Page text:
Then there's that ridiculous Dial-A-Bed business - if you suddenly discover at 3am that you don't have a bed you can just call 'em up and have them deliver one to you within the hour. It sounds good on paper, but who discovers at 3am that they suddenly don't have a bed?

If you're discovering that sort of thing at 3am you're probably not in any condition to be dealing with the consequences there and then, much less dialling up a shiny happy bed salesman and asking him to come around to install a brand new Edblo.

If I discovered I didn't have a bed at 3am I'd do what I've done many times before when times were harder and luxuries hard to come by - I'd simply roll up my jacket as a pillow and crawl under the carpet.

It's not comfy by any stretch of the imagination - you get bitten to hell and gone by weevils and carpet mites and your sinuses take a severe beating as the accumulated dust of years gets up your nose, but with 24 lagers and half a bottle of Jack in you it's a mighty damn fine sleep under the circumstances.

Beats a foam mattress any day.

And just the name Bed City is all wrong - the two words in that title are just about diametrically opposed to one another in terms of connotation.

I like my bed warm, private and stuffed with women, and if I want to get all businesslike and hardass and professional I go into the city.

Ne'er the twain shall meet.

It's why I never grooved on that airline commercial in which a dude awoke to find himself sleeping in the middle of Times Square. I just don't think so, man - you'll wake up to a thousand folks walking by, cackling and pointing at your fine, proud, dawn-ushering erection.

I just don't see the emotional connection between beds and cities. No - really I don't.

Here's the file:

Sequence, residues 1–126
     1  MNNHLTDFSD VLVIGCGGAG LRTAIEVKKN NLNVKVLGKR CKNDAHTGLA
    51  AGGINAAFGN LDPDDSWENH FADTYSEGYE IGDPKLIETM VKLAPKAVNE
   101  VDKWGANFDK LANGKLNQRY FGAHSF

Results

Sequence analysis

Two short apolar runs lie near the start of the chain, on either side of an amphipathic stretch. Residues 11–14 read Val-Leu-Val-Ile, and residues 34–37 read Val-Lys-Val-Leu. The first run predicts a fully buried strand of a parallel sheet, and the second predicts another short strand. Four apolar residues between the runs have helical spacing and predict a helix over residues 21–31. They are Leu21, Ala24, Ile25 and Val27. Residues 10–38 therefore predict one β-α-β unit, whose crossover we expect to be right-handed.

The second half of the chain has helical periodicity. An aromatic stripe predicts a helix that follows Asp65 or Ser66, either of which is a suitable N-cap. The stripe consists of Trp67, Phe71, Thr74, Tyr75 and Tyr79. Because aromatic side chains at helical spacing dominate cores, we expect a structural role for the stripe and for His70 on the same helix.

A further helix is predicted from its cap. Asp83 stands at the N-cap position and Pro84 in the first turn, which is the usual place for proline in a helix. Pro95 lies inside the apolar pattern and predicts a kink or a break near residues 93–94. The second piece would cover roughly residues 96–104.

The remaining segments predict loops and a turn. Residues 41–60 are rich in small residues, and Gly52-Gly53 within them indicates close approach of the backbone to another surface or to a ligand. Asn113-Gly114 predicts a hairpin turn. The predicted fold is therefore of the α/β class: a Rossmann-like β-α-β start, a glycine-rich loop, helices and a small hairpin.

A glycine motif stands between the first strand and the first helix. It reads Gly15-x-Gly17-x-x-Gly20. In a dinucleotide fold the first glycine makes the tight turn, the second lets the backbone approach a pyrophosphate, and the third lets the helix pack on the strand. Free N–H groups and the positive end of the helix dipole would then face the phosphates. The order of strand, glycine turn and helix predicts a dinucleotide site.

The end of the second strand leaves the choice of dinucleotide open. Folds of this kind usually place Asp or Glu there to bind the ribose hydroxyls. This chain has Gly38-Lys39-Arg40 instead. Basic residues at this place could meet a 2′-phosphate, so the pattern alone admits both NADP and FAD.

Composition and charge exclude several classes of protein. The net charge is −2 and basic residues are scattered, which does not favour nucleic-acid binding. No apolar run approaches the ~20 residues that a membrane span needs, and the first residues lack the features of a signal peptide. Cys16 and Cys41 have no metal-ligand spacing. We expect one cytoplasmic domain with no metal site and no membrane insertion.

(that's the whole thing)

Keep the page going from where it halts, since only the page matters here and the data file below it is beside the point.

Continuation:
All I crave is one decent night's rest on a superb bed. My back problems are staggering and every morning I start my day in fresh agony - I should have a bed that takes the strain off and rests my back, not one which spends all night hammering away at my spine and joints with sledgehammers.

Or what about the Pastiff? It's a name I came up with when a stoned student, to describe the phenomenon that happens when a heavy man and a light woman sleep in the same bed together - his weight compacts the mattress and forces it down, while she floats on top of it on her side.

This creates a divide in the middle of the bed - a miniature hill - called the Pastiff.

She spends all night rolling down it and you spend all night trying to push her back up and the dog - fed up by it all - gets discreetly out of bed and starts sucking her wet bum noisily and with obscene relish under the bed.

After years of sleeping like that the Pastiff becomes ingrained into your mattress and no matter how many times you turn the mattress around it makes no difference at all.

These are trying times we live in, friends - very trying indeed. They can send a man to the moon and make a global network that connects all of humanity in all parts of the world, but they can't make a bloody bed that is comfortable to sleep on or a mattress capable of fending off a Pastiff.

It's all about priorities, man. Let's get them right.

All Smoked Out,
Luke Tagg